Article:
Love Among the Ruins

Last chance to see Love Among the Ruins

Love Among the Ruins: A Romance of the Near Future is available to view for just a few more days.

The exhibition, featuring the work of Roger Mayne and Bill Stephenson, is on until Saturday, September 15, at S1 Artspace.

It includes archival photography and film of the residents who shaped the original communities in Park Hill and Hyde Park.

S1 Artspace reopened in the heart of Sheffield’s iconic brutalist Park Hill estate in July.

Love Among the Ruins
Bill Stephenson: Donna Hargreaves and Carmen Bello sit on an unguarded fourth-storey concrete parapet. Hyde Park Flats, Sheffield, 1988 © Bill Stephenson

Love Among the Ruins: A Romance of the Near Future

Social documentary photographers Mayne and Stephenson photographed the first residents of Park Hill and the last remaining residents of its sister building Hyde Park.

Both landmark buildings were the product of city council architect J.L. Womersley’s pioneering vision for social housing in Sheffield.

The exhibition takes its title from Evelyn Waugh’s satirical short story, imagining a dystopian future Britain as the result of an overbearing welfare state.

Written in 1953, Waugh’s story foreshadowed concerns about the possible social consequences of the government’s progressive post-war approach to rebuilding the country.

Including rare documents and archival material, Love Among the Ruins is a re-interpretation of Streets in the Sky.

The original exhibition by Mayne and Stephenson was curated by Matthew Conduit at the Untitled Gallery, Sheffield, in 1988.

Staged during the estates’ most significant period of decline, it provided an insight into the residents’ connection to the architecture.

Stephenson found ‘a close community reluctant to be broken up’ despite the increasing deterioration of the building.

He ‘did not meet a single resident who wanted to be rehoused’.

Thirty years on, Love Among the Ruins revisits aspects of the original exhibition and features previously unseen work.

It also includes The Fortress, a BBC film about Park Hill produced in 1965 as part of its Landmarks series.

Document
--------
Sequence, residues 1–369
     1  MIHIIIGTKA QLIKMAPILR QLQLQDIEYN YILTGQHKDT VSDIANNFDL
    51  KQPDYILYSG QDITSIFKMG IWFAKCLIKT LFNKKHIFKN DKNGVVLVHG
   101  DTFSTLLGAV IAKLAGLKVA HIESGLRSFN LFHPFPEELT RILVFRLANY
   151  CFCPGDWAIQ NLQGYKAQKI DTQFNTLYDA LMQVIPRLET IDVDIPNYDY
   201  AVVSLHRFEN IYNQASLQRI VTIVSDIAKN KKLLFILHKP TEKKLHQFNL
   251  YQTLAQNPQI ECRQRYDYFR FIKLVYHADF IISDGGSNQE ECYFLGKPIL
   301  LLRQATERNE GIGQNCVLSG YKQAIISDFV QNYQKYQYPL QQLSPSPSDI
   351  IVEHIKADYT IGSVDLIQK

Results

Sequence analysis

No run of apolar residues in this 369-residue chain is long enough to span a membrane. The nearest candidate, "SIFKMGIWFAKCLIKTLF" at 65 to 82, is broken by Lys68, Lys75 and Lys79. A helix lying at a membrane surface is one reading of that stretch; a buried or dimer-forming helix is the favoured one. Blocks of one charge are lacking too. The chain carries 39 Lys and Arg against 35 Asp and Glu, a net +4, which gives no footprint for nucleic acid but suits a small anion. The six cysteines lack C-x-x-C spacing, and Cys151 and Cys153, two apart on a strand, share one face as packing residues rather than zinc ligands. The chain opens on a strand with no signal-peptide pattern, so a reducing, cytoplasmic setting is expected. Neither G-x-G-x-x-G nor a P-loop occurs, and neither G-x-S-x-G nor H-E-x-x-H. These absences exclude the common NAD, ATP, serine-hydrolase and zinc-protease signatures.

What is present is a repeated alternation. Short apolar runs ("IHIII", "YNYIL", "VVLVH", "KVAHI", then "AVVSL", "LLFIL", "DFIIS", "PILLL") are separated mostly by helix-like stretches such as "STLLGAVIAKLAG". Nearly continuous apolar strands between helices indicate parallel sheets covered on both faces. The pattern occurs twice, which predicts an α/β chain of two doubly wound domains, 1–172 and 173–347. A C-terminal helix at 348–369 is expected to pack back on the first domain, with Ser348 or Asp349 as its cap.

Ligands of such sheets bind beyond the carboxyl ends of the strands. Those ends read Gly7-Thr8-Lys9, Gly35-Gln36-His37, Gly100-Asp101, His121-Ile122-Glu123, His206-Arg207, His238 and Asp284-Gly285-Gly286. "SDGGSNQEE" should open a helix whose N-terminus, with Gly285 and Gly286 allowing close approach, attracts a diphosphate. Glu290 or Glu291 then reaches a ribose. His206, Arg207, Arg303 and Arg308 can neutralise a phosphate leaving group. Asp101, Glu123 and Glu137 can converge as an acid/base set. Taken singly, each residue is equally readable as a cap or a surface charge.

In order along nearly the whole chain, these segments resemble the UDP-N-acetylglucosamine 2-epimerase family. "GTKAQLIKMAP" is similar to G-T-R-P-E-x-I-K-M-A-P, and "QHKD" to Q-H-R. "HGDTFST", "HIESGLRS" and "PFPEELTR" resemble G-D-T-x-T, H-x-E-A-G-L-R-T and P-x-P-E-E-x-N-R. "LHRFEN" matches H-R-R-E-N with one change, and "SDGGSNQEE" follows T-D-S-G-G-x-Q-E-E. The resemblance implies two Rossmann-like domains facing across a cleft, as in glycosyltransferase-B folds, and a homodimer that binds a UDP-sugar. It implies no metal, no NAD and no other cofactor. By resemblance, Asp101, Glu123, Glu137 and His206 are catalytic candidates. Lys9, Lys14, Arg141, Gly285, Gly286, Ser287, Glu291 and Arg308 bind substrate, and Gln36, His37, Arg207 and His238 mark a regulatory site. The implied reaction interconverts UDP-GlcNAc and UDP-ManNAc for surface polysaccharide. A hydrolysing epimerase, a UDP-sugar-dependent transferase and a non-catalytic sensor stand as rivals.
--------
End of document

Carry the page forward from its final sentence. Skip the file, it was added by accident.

Love Among the Ruins
Roger Mayne: Boys playing football, Park Hill Estate, Sheffield, 1961 © Roger Mayne Archive/Mary Evans Picture Library

A radical housing project

Love Among the Ruins looks back to the Utopian ideals inherent in the architecture of both buildings and traces their social history.

As Park Hill once again undergoes a huge period of reinvention the exhibition offers a moment to reflect on the major changes the estate has experienced and marks the next phase in its evolution.

The Park Hill redevelopment was commissioned by J.L. Womersley in 1956 and designed by architects Jack Lynn and Ivor Smith.

They were tasked with providing a solution to the post-war housing and health crisis in Sheffield.

Lynn and Smith were heavily influenced by Peter and Alison Smithson, proponents of Le Corbusier’s incorporation of ‘streets in the air’.

This aimed to facilitate neighbourliness with space to chat and for children to play.

In translating this concept to the hillside location of Park Hill, the architects vertically recreated the existing streets to rehouse neighbours next to each other.

Designed to include all the amenities people needed to live well, the Park Hill redevelopment was the largest and most radical housing project of its kind outside of London.

Love Among the Ruins
Roger Mayne: Milk delivery, Park Hill Estate, Sheffield, 1961 © Roger Mayne Archive/Mary Evans Picture Library

Energy and conviviality

Mayne’s seminal body of work capturing community life on the streets of working class neighbourhoods in the 1950s and early 1960s earned him a reputation as one of the most important post-war British photographers.